TP-Link Deco M5 review: A brilliantly affordable mesh networking kit
Good wireless coverage, a great price and a strong selection of features
TP-Link has regularly topped the list of our favourite wireless routers, but with mesh networking providing the best way to improve your Wi-Fi coverage at the moment, it's having to play catch-up.
The TP-Link Deco is the firm's first mesh networking kit and, just like Google Wifi and BT's Whole Home WiFi, it aims to improve wireless coverage around your home by using multiple boxes to bounce the wireless signal from one to the other.
The TP-Link kit consists of three of these "nodes", one more than Google Wifi and the same as BT's kit, and it works in largely the same way -- by hanging off one of the Ethernet ports on your existing router it extends your existing network rather than replacing it.
The TP-Link Deco is top value for money. It costs 230 for a kit that includes three nodes. That's better value than Google Wifi, which costs the same amount of money but only includes two nodes. The BT Whole Home WiFi system also includes three nodes, though, and that's only 190 at the moment.
Bear in mind, though, that with the TP-Link system you're getting a three-year subscription to Trend Micro antivirus, which covers every device connected to your network, which adds considerably to its appeal.
TP-Link Deco M5 review: Design, features and ease of use
The Deco is more attractive than your average wireless router. Each node is disc shaped and attractively sculpted on top with a status LED residing at the pinnacle of each device. Like Google Wifi, each box is equipped with a pair of Gigabit ethernet ports and takes power from a USB Type-C mains adapter.
Setup and general maintenance is carried out via the TP-link Deco smartphone app and ran smoothly when we set it up. As usual with mesh systems it takes a few minutes per box, but we were ready to go in under 20 minutes. That's partly thanks to the fact that each box has Bluetooth connectivity, so you don't have to fuss around connecting to Wi-Fi or entering passwords every time you want to add a node to the network.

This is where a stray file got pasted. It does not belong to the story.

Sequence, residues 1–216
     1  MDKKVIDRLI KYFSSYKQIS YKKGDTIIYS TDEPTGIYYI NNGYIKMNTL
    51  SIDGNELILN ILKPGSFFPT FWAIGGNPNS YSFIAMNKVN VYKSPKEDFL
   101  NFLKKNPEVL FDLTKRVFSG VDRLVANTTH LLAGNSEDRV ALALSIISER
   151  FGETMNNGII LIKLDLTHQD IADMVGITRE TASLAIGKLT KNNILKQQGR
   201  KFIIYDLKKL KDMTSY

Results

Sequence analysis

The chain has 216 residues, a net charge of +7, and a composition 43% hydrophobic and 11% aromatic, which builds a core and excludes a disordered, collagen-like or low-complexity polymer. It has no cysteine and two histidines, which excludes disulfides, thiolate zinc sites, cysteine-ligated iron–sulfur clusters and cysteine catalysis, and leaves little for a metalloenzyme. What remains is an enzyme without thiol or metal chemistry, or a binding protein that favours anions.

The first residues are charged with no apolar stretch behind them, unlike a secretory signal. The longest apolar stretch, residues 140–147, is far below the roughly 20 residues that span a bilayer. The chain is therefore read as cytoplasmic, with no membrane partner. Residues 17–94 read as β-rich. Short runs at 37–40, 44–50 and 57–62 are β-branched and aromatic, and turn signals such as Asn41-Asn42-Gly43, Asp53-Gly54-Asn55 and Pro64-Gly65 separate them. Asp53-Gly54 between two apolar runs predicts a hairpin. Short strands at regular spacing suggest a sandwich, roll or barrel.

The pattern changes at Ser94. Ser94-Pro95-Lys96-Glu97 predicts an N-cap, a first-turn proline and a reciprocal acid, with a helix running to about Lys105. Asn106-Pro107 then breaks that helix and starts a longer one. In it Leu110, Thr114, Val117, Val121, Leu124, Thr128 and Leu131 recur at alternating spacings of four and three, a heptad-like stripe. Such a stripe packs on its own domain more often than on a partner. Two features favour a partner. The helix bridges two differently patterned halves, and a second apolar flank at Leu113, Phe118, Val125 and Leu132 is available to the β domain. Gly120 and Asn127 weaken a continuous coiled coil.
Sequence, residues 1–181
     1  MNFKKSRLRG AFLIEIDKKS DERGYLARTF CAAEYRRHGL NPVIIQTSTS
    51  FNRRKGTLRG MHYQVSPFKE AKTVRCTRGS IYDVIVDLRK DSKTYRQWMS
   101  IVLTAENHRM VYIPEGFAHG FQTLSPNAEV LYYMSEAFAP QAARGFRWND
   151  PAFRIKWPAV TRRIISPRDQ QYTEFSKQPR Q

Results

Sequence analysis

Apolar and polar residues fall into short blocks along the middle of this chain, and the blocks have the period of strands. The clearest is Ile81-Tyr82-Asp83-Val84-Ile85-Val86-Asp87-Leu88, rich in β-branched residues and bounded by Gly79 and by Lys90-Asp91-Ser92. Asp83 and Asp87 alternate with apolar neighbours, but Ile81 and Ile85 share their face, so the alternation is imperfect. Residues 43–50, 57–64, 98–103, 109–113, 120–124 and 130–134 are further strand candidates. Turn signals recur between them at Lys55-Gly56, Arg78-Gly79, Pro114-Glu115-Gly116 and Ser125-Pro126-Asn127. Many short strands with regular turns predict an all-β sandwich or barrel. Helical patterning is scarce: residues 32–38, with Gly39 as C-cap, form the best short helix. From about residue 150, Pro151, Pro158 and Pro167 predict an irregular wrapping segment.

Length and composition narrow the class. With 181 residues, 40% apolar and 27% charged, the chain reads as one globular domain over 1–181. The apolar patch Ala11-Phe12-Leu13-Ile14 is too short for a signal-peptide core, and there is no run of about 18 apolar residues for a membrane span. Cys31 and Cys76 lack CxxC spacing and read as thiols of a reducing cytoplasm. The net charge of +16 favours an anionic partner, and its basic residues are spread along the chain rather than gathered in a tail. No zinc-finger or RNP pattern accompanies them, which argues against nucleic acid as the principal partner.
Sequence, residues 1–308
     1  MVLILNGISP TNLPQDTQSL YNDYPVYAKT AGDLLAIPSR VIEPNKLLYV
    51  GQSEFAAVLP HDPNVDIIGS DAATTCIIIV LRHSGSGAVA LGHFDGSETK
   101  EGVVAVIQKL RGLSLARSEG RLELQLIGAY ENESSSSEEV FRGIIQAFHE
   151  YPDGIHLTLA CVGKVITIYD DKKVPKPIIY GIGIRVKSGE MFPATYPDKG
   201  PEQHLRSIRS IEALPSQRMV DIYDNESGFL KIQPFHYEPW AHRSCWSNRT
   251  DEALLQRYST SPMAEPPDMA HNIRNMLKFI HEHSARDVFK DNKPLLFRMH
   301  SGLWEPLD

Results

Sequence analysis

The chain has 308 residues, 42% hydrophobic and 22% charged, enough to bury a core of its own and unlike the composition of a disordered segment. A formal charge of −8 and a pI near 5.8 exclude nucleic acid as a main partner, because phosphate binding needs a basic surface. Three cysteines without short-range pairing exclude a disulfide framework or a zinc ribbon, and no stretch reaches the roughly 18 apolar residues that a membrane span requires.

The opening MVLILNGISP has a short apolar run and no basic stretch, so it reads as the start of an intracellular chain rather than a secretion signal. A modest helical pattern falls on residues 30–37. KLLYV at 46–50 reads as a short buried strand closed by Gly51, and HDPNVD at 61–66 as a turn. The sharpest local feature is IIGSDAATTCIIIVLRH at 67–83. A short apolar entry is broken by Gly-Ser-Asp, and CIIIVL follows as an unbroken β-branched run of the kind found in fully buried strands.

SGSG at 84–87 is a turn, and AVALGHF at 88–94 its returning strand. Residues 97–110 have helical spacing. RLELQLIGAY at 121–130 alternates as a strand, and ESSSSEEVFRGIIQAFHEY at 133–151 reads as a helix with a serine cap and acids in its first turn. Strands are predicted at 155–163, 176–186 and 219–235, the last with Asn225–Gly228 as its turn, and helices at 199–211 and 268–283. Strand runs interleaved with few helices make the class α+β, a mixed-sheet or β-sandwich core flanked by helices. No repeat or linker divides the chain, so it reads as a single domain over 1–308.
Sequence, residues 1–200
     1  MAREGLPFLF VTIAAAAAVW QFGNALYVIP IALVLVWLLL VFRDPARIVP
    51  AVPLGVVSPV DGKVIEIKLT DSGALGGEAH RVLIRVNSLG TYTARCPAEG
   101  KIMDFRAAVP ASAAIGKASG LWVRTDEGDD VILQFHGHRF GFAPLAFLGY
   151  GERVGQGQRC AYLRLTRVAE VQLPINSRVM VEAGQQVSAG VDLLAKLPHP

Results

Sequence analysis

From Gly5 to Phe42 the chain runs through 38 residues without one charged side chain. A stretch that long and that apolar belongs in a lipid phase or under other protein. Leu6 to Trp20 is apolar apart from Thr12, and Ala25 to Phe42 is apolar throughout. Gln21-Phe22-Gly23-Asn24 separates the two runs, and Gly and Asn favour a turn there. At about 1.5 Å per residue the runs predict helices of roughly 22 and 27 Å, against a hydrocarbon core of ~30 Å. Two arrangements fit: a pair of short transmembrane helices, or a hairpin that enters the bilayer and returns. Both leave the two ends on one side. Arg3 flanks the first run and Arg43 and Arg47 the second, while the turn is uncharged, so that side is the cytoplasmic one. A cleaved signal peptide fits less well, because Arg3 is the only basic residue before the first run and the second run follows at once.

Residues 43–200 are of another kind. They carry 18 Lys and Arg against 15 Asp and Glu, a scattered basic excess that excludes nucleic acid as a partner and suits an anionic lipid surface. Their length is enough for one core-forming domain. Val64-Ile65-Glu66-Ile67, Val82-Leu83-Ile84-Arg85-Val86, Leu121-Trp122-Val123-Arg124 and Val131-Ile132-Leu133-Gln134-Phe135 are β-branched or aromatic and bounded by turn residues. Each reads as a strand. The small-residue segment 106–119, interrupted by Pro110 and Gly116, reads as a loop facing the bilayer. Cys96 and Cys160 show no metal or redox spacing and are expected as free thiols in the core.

On the negative side, the system does require you to connect to the system via TP-Link's cloud system for management and setup, which has potential implications for privacy.
As for Wi-Fi features, the Deco M5 occupies the middle ground. Like Google Wifi it doesn't have a dedicated backhaul link, and so throughput falls as you get further down a chain of boxes. It has four internal antennas and offers 2x2 MIMO connection for a maximum speed of 400Mbits/sec on the 2.4GHz spectrum and 867Mbits/sec on the 5GHz spectrum. The BT Whole Home WiFi system is much quicker, offering tri-band connection with a dedicated backhaul link.
As for usability and software features, the Deco M5 is pretty basic compared with traditional wireless routers, but great compared with most mesh systems. As we mentioned above you get three years of antivirus coverage from Trend Micro. This covers all your devices while they're connected to your network.
The app also gives you customisable content-based quality of service controls, allowing you to prioritise certain types of traffic, such as "streaming" or "gaming"
TP-Link Deco M5 review: Performance
We installed the TP-Link Deco M5 at home and ran our usual close range and long range tests using the iperf3 command line application. As should be clear from the performance figures in the charts below, the Deco M5 provides a strong Wi-Fi signal property-wide. It doesn't go particularly fast up close with a speed of 68MB/sec, but it did deliver the best long range speeds of the three with two nodes and three in our tests - 33.7MB/sec and 21.8MB/sec respectively.
TP-Link Deco M5 review: Verdict
In short, the TP-Link Deco M5 is a worthy entry to the low end of the mesh networking market. It's well priced at 230 for three nodes, includes network-based antivirus and excellent QoS controls.
We prefer Google Wifi's app and the BT Whole Home WiFi system is faster at close range and cheaper overall. But TP-Link's offering is competitive nonetheless.
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